Beacon Lesson Plan Library
The Importance of Observation
Santa Rosa District Schools
Bubble, bubble, toil and trouble! Students demonstrate knowledge of the importance of observation to the learning process by conducting careful observation and recording their findings as a journal entry.
The student knows that learning can come from careful observation.
- 4oz. cups
- 64oz. vinegar
- 1 box of baking soda
- journals or writing paper
- 1 Concept Checklist
1. Secure an outdoor location for dropping the water balloon.
2. Fill a balloon with water.
3. Fill one 4 oz. cup with vinegar for every two students in the class.
4. Place a teaspoon of baking soda in one re-sealable bag for every two students in the class.
5. Make available several rolls of paper towels for clean up.
6. Make available student journals or other writing paper.
7. Make available pencils and crayons or markers.
8. Obtain one copy of the Concept Checklist.
1. Begin the lesson in an outdoor setting such as a courtyard or playground.
2. Present a water balloon held high in the air.
3. Ask the students what will happen if you release the balloon. (It will burst)
4. Ask how they know the result of the action. (Students share various past experiences with water balloons)
5. Drop the water balloon a safe distance away from the students to allow them to confirm their predictions.
6. Return to an indoor setting for further discussion.
7. Discuss the word observation. Explain that observation is using our senses to find out about the world around us. Relate observation to their knowledge that the water balloon would burst when dropped.
8. Explain that they will work with a “lab partner” to conduct an experiment which requires them to observe and tell what they learn.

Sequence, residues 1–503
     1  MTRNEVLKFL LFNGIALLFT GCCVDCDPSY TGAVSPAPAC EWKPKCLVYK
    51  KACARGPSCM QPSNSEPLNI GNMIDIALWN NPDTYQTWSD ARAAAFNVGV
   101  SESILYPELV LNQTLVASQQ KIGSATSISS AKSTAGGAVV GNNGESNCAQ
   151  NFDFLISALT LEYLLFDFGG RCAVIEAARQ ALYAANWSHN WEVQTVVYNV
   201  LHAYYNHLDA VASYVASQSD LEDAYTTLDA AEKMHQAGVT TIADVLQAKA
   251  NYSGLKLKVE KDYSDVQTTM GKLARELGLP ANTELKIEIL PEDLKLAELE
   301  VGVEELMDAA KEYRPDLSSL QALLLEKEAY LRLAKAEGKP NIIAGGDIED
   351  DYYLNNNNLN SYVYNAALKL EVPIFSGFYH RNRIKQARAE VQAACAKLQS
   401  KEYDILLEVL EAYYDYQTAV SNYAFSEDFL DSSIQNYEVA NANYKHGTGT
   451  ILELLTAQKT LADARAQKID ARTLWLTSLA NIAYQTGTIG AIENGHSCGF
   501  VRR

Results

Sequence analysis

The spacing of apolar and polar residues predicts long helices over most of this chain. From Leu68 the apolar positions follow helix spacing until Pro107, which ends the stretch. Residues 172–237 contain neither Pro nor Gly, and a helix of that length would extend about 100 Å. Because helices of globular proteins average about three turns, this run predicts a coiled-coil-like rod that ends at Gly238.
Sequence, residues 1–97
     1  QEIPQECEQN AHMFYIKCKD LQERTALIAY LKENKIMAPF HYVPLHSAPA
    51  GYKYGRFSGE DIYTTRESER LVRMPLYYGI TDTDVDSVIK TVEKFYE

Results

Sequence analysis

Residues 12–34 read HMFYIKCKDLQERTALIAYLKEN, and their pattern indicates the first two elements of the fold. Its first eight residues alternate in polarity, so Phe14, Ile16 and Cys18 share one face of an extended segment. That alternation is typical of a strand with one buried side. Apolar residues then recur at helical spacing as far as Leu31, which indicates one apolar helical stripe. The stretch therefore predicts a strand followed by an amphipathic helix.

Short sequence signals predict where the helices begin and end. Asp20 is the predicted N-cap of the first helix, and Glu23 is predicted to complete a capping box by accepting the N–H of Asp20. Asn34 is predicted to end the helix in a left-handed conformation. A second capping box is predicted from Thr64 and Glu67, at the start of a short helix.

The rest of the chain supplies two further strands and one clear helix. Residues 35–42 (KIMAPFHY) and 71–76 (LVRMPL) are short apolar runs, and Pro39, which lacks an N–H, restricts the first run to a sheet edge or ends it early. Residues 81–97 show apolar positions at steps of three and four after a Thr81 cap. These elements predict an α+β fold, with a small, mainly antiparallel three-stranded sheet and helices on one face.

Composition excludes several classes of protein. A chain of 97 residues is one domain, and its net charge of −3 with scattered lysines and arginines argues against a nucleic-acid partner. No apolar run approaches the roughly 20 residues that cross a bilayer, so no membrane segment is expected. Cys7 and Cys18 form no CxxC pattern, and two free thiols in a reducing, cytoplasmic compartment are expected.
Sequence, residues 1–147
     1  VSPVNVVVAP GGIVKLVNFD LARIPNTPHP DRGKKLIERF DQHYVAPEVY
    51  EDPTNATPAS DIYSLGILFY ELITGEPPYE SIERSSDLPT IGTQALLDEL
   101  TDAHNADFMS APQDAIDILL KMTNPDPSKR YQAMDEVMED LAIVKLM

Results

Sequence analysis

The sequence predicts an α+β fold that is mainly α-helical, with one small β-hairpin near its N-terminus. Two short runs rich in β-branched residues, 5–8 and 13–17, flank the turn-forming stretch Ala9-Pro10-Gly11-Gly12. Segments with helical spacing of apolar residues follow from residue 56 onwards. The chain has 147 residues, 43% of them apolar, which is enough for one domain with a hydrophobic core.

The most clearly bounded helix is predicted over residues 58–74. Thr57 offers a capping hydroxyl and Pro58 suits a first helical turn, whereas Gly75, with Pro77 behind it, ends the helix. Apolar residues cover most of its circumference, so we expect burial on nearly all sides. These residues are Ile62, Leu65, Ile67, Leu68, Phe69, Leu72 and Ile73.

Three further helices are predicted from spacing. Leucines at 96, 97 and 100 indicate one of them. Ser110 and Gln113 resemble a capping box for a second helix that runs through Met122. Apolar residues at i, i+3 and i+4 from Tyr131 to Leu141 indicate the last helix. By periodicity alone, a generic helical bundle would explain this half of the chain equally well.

9. Explain that when signaled they will add baking soda to a cup of vinegar. Tell the students that they will then observe what happens to the mixture and record what they learn in their journal.
10. Distribute experiment materials (vinegar, baking soda).
11. Give the signal to add baking soda to the vinegar. Encourage discussion between lab partners.
12. Provide the writing prompt, “What did your learn?” and direct the children to record their findings in their journal. Encourage them to write and illustrate what happened as a result of their experiment.
13. Allow each child to share his/her journal entry. As the students share, assess their knowledge using the Concept Checklist. Provide verbal feedback for each student. Probe for clarification as needed.
14. Provide opportunities for the children to repeat the experiment if desired.
This hands-on experiment allows young scientists to demonstrate the learning which results from creating and observing a safe, simple chemical reaction. The students record their findings as a journal entry. The teacher uses a concise checklist to assess knowledge of the concept.
Conduct an observation over a period of time, such as observing a plant or the growth cycle of a butterfly. Provide an observation log for each student. At the end of the observation period, allow each the child to summarize their learning with the use of a writing prompt.